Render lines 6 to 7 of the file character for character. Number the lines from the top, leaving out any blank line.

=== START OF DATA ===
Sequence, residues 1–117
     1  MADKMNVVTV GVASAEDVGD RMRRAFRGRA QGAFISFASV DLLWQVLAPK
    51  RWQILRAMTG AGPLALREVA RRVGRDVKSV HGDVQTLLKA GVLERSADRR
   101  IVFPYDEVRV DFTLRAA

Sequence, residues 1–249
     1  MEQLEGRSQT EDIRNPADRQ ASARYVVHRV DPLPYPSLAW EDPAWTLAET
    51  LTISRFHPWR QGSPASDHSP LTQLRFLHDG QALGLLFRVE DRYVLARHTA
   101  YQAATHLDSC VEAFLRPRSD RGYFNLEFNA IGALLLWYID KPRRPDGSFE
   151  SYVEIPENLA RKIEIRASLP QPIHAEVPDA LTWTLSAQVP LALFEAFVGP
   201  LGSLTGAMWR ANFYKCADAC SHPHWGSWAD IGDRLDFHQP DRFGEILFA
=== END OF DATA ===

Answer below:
     1  MEQLEGRSQT EDIRNPADRQ ASARYVVHRV DPLPYPSLAW EDPAWTLAET
    51  LTISRFHPWR QGSPASDHSP LTQLRFLHDG QALGLLFRVE DRYVLARHTA